Ugh, I feel blogging debt. I’ve done little bits of cool things and collected ephemera around the Internet but I’ve been busy with a thing so I’ve neglected by blog. Here’s a quick post full of links to kind-of make up for it.

Still Blogging – Rev Dan Catt

I agree with all of this. After moving my main blog from Tumblr to blag I wanted to be out of the rat race of having to write custom backup software just in case the platform I was using disappeared over night, and of chasing likes and reblogs.

My main blog has no analytics, and this WordPress only has the basics. I even found myself compulsively checking my stats on that one Medium post that I wrote. I watch numbers enough at work, I don’t need to do it when I’m writing too.

Elon Musk, Our Saviour, the Supervillain – Erik Sofge

Thus, despite all the passing comparisons to Tony Stark, a more accurate pop-culture reference point for Elon Musk is the generic mad scientist. He’s one act of hubris — or misguided paternalism — away from wreaking havoc on Earth and beyond.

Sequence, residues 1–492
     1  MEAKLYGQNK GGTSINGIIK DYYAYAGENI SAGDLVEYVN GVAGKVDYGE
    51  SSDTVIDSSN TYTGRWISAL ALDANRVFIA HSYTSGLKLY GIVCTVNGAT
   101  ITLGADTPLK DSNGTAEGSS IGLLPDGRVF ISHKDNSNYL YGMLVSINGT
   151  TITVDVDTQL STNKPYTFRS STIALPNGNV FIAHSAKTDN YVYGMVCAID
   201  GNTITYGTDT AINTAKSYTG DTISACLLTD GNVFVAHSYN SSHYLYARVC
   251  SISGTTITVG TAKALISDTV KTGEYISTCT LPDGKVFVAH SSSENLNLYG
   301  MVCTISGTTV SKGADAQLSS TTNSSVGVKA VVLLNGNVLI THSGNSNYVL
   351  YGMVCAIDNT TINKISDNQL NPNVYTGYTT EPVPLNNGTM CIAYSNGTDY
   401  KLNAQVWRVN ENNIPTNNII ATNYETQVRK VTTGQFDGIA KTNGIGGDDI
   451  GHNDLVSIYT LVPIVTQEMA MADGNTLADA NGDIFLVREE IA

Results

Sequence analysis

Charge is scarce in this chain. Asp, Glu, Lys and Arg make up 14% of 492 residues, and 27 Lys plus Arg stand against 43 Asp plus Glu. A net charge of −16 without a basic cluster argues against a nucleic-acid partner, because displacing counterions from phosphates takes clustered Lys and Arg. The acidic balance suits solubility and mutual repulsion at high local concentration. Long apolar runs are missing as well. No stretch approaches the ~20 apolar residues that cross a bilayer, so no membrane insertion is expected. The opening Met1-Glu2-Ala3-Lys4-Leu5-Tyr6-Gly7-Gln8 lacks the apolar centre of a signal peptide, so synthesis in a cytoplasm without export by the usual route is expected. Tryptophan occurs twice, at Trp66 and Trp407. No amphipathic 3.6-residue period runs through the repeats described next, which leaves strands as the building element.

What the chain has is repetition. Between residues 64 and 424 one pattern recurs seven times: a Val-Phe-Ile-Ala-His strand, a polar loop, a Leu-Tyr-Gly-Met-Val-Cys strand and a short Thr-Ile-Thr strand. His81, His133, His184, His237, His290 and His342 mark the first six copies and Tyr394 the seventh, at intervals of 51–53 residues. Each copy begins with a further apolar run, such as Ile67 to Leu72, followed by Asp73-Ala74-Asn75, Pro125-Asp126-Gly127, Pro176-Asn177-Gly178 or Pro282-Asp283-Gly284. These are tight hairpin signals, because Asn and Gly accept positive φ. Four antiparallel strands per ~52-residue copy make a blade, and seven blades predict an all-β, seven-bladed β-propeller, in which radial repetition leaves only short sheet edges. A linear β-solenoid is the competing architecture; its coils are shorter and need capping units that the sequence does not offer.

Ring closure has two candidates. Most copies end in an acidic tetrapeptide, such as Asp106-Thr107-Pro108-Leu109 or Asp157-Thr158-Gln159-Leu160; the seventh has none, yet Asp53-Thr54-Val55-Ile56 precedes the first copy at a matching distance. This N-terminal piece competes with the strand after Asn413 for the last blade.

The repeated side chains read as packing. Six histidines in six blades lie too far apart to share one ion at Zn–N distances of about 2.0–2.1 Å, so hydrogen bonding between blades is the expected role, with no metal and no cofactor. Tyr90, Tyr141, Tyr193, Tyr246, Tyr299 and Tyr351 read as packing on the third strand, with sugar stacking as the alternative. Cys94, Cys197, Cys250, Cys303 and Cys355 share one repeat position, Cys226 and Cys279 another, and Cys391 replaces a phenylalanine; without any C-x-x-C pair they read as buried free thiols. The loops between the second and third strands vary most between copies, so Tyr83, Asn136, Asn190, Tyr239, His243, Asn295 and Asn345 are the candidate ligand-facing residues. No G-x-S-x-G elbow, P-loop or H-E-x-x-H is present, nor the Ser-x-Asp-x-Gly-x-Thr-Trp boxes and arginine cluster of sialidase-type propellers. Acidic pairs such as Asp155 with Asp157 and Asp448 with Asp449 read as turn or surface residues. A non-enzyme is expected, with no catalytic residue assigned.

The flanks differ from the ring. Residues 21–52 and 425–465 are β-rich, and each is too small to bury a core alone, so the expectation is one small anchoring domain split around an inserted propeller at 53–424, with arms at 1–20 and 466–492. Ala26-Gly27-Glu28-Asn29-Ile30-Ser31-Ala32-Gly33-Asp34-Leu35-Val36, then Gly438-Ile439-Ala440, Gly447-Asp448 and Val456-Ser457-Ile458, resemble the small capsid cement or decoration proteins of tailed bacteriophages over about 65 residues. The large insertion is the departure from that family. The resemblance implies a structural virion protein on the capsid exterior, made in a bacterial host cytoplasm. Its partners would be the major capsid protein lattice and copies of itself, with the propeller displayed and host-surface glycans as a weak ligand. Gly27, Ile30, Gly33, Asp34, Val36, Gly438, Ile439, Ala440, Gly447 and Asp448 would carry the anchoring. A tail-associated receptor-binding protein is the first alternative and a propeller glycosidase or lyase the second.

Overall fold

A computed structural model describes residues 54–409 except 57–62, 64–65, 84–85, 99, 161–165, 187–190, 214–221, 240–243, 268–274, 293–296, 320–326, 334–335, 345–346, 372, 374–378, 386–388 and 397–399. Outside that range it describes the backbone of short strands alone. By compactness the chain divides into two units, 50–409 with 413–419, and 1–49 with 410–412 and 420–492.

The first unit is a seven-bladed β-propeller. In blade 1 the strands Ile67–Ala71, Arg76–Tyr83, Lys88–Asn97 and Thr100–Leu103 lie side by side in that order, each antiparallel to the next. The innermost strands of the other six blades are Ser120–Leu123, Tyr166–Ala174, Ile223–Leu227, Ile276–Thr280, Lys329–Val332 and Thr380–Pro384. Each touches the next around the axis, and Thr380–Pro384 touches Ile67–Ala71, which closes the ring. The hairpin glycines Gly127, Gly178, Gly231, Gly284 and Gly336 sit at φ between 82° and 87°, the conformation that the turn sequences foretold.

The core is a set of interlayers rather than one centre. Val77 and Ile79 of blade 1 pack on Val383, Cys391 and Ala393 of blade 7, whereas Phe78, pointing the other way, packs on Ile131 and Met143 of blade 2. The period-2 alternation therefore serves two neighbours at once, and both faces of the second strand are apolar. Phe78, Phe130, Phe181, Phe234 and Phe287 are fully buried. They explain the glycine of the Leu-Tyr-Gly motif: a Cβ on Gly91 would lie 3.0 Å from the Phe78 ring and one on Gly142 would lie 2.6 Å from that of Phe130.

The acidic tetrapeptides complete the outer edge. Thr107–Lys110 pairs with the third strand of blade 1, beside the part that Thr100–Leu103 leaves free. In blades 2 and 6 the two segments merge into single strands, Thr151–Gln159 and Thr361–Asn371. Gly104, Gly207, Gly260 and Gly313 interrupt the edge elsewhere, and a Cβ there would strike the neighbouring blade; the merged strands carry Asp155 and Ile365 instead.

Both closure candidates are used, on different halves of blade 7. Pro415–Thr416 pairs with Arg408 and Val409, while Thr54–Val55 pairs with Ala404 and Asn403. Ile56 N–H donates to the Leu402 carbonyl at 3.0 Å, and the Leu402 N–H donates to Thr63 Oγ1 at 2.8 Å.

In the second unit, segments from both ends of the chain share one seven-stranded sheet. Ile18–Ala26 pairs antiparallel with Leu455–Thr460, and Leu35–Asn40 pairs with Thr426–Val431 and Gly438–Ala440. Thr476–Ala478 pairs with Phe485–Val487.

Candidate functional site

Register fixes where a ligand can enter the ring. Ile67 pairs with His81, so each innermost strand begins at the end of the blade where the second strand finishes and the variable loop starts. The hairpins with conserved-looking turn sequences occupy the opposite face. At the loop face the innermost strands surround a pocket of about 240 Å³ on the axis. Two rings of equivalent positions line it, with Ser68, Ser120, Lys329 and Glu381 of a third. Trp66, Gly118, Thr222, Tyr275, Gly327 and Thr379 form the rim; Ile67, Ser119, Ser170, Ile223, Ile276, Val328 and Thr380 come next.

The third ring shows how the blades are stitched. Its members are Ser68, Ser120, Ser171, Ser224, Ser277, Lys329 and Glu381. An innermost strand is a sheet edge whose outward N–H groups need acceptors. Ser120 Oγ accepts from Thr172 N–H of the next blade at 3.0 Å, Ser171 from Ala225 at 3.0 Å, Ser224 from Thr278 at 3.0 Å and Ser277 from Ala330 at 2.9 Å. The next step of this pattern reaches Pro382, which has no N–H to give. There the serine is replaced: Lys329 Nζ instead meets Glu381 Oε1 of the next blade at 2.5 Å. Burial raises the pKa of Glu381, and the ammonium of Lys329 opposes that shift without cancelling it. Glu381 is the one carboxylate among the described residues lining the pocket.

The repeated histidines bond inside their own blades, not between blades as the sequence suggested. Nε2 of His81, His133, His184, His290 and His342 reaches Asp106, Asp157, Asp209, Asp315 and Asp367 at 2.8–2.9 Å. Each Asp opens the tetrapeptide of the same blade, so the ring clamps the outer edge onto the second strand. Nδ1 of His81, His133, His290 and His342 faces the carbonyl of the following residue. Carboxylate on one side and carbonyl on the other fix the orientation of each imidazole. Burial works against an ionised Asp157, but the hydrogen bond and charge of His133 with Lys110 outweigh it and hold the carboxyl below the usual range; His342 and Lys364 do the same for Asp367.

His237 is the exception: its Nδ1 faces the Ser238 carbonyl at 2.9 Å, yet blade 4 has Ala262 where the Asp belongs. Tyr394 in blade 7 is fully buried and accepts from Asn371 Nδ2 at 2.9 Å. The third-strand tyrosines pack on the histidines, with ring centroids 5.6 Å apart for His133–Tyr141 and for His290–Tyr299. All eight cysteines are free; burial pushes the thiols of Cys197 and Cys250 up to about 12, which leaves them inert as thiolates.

This is the first of two unrelated but similar background pieces on Musk. I have to admire someone who’s looking at the long term. It seems that in the worst case, he’s wrong and wastes his fortune making the world a much better place.

Exodus – Ross Andersen

This is long, but helpfully you have have the nearly 7,000 words delivered straight to your Kindle. To ensure our survival, Elon Musk wants to put a million people on Mars.

Musk told me this first group of settlers will need to pay their own way. ‘There needs to be an intersection of the set of people who wish to go, and the set of people who can afford to go,’ he said. ‘And that intersection of sets has to be enough to establish a self-sustaining civilisation. My rough guess is that for a half-million dollars, there are enough people that could afford to go and would want to go. But it’s not going to be a vacation jaunt. It’s going to be saving up all your money and selling all your stuff, like when people moved to the early American colonies.’

The case for Slow Programming – Jeffrey Ventrella

Maybe we don’t need to invent another dozen JavaScript frameworks next year?

My wife often comes out into the yard and asks me: “are you coding?” Often my answer is “yes”. Usually I am cutting twigs with a garden clipper, or moving compost around.

Plants, dirt, and clippers have just as much to do with programming as keyboards and glowing screens.

I’ll have more to share soon!